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Fat Metabolism and Melanocortin 3 Receptors in African Americans

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ClinicalTrials.gov Identifier: NCT01851421
Recruitment Status : Terminated (Slow/Insufficient accrual)
First Posted : May 10, 2013
Last Update Posted : June 30, 2021
Information provided by (Responsible Party):
National Institutes of Health Clinical Center (CC) ( Eunice Kennedy Shriver National Institute of Child Health and Human Development (NICHD) )

Brief Summary:


- Melanocortin receptors are proteins in the body that help send messages between body systems. One such receptor, the melanocortin 3 receptor (MC3R), is important for regulating body weight. Differences in MC3R can affect fat metabolism - or how the body handles fat. Some people who have changes in the MC3R genetic code are heavier than those who do not have these changes. These changes are found more often in African Americans. Researchers want to study the MC3R in African American adults to see how these changes may affect fat metabolism. They will look at overweight adults with either the most common genetic code for the MC3R or a rare variant.


- To study the role of the MC3R in body weight and fat metabolism.


  • Healthy African American volunteers between 18 and 55 years of age.
  • Volunteers must be overweight (body mass index at least 30 kg/m2) but weigh less than 450 lbs.


  • The study consists of an outpatient screening visit and a 7-day inpatient visit with dietary studies.
  • Participants will be screened with a physical exam and medical history. Blood samples will be collected. (Participants will need to fast for 10 hours before giving blood samples.) A body scan will be given to determine fat, bone, and muscle content. Participants will complete a 3-day dietary assessment to record their food and drink consumption. They will also have an exercise test to look at heart and lung function.
  • Participants will have a 7-day inpatient stay. They will have a regular diet for the first 3 days of the study. For the final 4 days, they will have a diet with a higher fat content.
  • During the inpatient visit, participants will have the following study procedures:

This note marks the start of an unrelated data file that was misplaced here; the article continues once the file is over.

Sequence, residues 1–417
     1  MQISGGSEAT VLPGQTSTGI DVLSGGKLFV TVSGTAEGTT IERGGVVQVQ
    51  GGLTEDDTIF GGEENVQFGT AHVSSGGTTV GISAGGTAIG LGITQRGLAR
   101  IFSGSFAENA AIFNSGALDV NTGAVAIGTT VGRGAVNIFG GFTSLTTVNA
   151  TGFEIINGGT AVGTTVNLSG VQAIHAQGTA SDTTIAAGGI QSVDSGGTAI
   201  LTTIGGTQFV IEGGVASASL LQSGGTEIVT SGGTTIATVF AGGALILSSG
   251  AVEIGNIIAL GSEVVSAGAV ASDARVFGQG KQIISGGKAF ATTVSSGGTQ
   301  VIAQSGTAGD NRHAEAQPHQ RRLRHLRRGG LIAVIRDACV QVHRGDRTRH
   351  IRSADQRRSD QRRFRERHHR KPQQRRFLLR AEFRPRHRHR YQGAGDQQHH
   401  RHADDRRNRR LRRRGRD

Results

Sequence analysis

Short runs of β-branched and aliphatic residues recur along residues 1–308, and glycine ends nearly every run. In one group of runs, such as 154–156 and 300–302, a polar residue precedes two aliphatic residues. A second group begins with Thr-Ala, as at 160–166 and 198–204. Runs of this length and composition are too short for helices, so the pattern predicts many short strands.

• Body measurements
  • Daily exercise routine
  • Imaging studies of the body
  • Measurement of a whole day s energy expenditure (spending one day in metabolic chamber-day 5)
  • Frequent blood samples
  • Urine collection for 24 hours (days 3 and 7)
  • Fat biopsy (collection of a small sample of fat tissue from under the skin on the abdomen)
  • Insulin and metabolism tests while eating the two different diets (day 4 and day 7).
  • After the final insulin and metabolism test, participants will be discharged from the study.

Condition or disease
Obesity Healthy Volunteers

Detailed Description:
Our prior studies have found that children with homozygosity for two rare Melanocortin 3 Receptor (MC3R) polymorphisms (T6K+V81I) have greater fat mass compared to wild type children. These polymorphisms are about 10-fold more prevalent in Non-Hispanic Black than White Americans. In vitro, T6K+V81I causes MC3R hypofunction. Since mouse models and limited human data suggest the MC3R may be involved in regulating substrate oxidation, and therefore fatty acid disposal, we propose to study 30 Non-Hispanic Black BMI-matched subjects with homozygous T6K+V81I or wild-type MC3R to compare substrate turnover (fatty acids and glucose) during fasting and under conditions of hyperinsulinemia after adaptation from a normal-fat to a high-fat isocaloric diet. Using adipocytes obtained from biopsies, we will also study glucose and fatty acid uptake, storage and mobilization in vitro. We hypothesize that this study will shed light on the role of the MC3R in substrate metabolism and energy expenditure, and will yield information that may assist in the development of more effective approaches for the treatment of obesity in Non-Hispanic Black Americans.

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Study Type : Observational
Actual Enrollment : 88 participants
Observational Model: Case-Control
Time Perspective: Prospective
Official Title: Fat Metabolism and Function Altering Polymorphisms in MC3R
Actual Study Start Date : September 23, 2013
Actual Primary Completion Date : October 13, 2020
Actual Study Completion Date : June 28, 2021

Resource links provided by the National Library of Medicine

Double-Variant MC3R
Volunteers with homozygous polymorphisms causing protein changes to T6K and V81I.
Wild Type MC3R
Volunteers with no polymorphisms in MC3R gene.

Primary Outcome Measures :
  1. Free fatty acid reflux rate measured on a high- fat diet during the hyperinsulinemic state [ Time Frame: 3 hours ]
    FFA flux by isotopic study

Secondary Outcome Measures :
  1. Free fatty acid flux rate in the post-absorptive state and estimates of whole body glucose disposal and endogenous glucose production assessed during postabsorptive and hyperinsulinemic states on both diets [ Time Frame: 4 days ]
    FFA flux by isotopic study

Biospecimen Retention:   Samples With DNA
Serum, plasma, genomic DNA (extracted from whole blood)

Information from the National Library of Medicine

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Ages Eligible for Study:   18 Years to 55 Years   (Adult)